JC Police look to fill crime prevention position after job vacated

Becky Campbell • Dec 11, 2018 at 11:04 PM

When the Johnson City Police Department obtained a three-year $800,000 grant to create a community-oriented crime prevention initiative, there was no way to know how successful it might be.

But not only was the program implementation a success, it had far-reaching effects on the targeted communities where it was implemented and spilled over those banks and continued the push forward with Becky Haas at the helm as the crime prevention coordinator since its inception in 2013. 

The grant was funded for three years, but the success Haas created by leading the development of community programs has reduced crime, gotten down to the root of issues that cause crime, revitalized neighborhoods and made the city safer overall.

When the grant ran out for the TCCRP — Targeted Community Crime Prevention Program — the police department saw the impact it had, and officials decided the crime prevention position was important enough to create a budgeted position for that job.

It was no surprise when Haas, who successfully planned and implemented the grant program was hired for the job. One of the results of the programs Haas directed, which led to a focus on Trauma Informed Care. That, in turn, was the beginning of Johnson City’s journey to becoming a trauma-informed community with organizations like Ballad Health, East Tennessee State University and others to jump onto the push toward becoming a trauma-informed and trauma-responsive city.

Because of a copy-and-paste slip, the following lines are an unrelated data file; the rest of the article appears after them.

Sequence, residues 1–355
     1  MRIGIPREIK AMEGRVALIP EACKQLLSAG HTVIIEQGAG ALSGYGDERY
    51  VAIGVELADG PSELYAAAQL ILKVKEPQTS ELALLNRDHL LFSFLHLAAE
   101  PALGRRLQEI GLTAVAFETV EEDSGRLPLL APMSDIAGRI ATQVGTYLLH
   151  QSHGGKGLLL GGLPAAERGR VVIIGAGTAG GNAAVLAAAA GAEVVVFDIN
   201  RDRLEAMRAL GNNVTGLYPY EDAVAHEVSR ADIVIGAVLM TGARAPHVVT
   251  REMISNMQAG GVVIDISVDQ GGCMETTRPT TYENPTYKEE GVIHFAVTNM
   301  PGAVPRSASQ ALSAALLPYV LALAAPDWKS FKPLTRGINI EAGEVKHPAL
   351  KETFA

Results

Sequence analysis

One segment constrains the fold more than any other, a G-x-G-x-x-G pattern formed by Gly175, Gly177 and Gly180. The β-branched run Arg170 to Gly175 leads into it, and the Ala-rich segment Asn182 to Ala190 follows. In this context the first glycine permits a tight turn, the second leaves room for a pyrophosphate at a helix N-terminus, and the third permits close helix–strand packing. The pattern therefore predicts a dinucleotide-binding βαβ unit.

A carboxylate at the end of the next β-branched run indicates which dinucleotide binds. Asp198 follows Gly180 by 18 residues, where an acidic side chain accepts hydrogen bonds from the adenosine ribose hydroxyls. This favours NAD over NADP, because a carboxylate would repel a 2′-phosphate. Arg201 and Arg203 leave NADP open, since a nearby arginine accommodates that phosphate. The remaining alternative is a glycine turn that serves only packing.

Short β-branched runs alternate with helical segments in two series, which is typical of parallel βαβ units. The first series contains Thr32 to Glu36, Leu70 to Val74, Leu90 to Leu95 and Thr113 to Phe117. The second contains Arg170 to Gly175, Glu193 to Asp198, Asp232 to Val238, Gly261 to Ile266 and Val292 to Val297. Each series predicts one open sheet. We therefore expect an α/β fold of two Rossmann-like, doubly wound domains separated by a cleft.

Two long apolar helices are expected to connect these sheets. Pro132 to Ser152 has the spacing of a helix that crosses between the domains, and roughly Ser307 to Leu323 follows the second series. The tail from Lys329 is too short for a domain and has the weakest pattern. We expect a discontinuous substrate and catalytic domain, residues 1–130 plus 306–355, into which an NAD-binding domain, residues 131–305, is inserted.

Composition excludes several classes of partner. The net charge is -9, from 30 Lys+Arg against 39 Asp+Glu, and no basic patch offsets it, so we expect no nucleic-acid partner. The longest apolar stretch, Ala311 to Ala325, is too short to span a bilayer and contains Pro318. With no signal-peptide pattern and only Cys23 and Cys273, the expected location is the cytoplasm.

It also paved the way for another job being created for Haas — trauma informed administrator — at Ballad Health’s Niswonger Children’s Hospital. She left the police department and started her new position earlier this month. When that happened, JCPD had to face the decision of keeping the position or not.

It was a no-brainer.

Major Debbie Botelho said the work Haas did had a major impact on crime in Johnson City.

“In 2018, our Part I crime has dropped by 9.2 percent. That’s violent and property crimes,” she said. “Our clearance rages are 58.5 percent while the statewide average is 31.5 percent.”

She said Haas’ efforts to implement crime reduction activities greatly impacted the successes seen in 2018.

“The program with Becky has helped a lot to curtail this type of crime,” Botelho said. “She was a great asset. It has helped us a great deal in lowering crime and keeping us informed on what the public wants to see from us.”

Botelho said the department administration will begin the search in early 2019 to fill the position Haas vacated.

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